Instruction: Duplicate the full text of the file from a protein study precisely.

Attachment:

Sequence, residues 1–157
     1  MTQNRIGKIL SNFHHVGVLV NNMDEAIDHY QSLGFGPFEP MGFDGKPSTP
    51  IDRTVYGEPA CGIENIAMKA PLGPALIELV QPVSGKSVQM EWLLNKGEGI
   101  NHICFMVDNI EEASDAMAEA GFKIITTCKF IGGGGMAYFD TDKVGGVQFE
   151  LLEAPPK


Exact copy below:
Sequence, residues 1–157
     1  MTQNRIGKIL SNFHHVGVLV NNMDEAIDHY QSLGFGPFEP MGFDGKPSTP
    51  IDRTVYGEPA CGIENIAMKA PLGPALIELV QPVSGKSVQM EWLLNKGEGI
   101  NHICFMVDNI EEASDAMAEA GFKIITTCKF IGGGGMAYFD TDKVGGVQFE
   151  LLEAPPK